Another day of light blogging.

I have had too many things to do. I have been taking care of my wife, who has a cold. I am filling out an application at the last minute for some funding. Too many stupid hoops to jump through

I am also giving a paper next week on how the republican attitude of French bureaucrats affected the integration of Alsace after World War One. Good stuff, although it is heavy on legislative proposals and administrative reports. One interesting mistake that the bureaucrats made: they mistook the self- dissolution of the parliament (Landtag) of Alsace-Lorraine as a sign that they did not want any regional political powers. In truth, the deputies were kicking out the members who had been appointed by the Empire.

Claire remind us that it is Armistice/remembrance/Veterans’ Day (or whatever they call the end of WWI). Le Monde has a review of literature, films and other memorials (en français) that have kept the memory of the war alive despite the passing of the poilus. Deutsche Welle has this review (in English), which adds that this is also the day of Polish Independence. As soon as I can get some links, I will post something about the Thiepval Project, a British venture at the site of the Battle of the Somme. If you are looking for a film, I would recommend Bertrand Tavernier’s Capitaine Conan, which takes place in the east just at the end of the war. I posted a few days ago about the passing of the poilus.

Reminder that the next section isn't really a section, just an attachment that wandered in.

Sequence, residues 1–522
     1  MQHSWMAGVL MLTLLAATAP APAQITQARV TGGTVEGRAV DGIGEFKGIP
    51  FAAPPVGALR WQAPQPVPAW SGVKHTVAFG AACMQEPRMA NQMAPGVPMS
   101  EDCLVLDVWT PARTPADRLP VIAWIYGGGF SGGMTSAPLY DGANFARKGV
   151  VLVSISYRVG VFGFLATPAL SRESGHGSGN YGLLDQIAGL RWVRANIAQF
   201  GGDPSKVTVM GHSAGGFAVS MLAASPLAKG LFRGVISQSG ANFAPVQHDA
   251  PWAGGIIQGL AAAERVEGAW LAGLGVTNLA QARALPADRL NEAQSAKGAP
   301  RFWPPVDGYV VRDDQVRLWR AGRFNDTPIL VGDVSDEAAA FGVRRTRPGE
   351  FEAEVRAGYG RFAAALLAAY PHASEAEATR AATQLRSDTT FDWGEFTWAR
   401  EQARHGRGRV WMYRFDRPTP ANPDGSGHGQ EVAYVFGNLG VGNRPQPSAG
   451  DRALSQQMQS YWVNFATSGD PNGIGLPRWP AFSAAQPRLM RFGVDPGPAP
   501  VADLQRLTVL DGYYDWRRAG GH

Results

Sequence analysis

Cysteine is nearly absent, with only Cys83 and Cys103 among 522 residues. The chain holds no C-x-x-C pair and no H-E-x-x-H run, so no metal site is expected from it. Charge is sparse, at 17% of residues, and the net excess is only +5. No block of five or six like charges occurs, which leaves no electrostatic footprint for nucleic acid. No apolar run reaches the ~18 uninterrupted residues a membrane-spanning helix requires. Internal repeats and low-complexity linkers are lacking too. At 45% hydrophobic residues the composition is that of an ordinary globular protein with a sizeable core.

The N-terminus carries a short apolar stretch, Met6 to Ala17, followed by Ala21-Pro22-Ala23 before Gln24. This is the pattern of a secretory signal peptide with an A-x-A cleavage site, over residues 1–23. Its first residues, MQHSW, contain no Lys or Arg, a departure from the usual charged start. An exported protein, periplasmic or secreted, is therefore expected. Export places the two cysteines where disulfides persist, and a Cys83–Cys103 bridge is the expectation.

One of my favorite books about WWI is Paul Fussell’s The Great War and Modern Memory . Fussell argued that the experience of WWI influenced how modern war–and modernity in general–are understood. WWII, for instance, was largely described in the language invented during WWI. I wonder whether Fussell’s assertion is no longer applicable. Warfare is no longer about the hard slog or the mass armies, but the use of precision, technology, and training. The (First) Gulf War has been used to describe Kosovo, Afghanistan, and Iraq. Yes, there are features of contemporary warfare that still resemble WWI, but the language of warfare has changed.

Who won on whose coattails? It appears that President Bush, rather than earning capital in the election, has outstanding debts. He may not get the guest worker program he wanted (one policy of his that I liked), and his choice for party chairman may get the snub because his sexual orientation is under question. However, the Europeans should hold their laughter: Germany has the Partei Bibeltreuer Christen (in English), its own attempt at fundamentalist politics. You can see their site here (auf Deutsch).

Finally, Fafnir explains “leprechaun science”, which is more valid than the theory of evolution.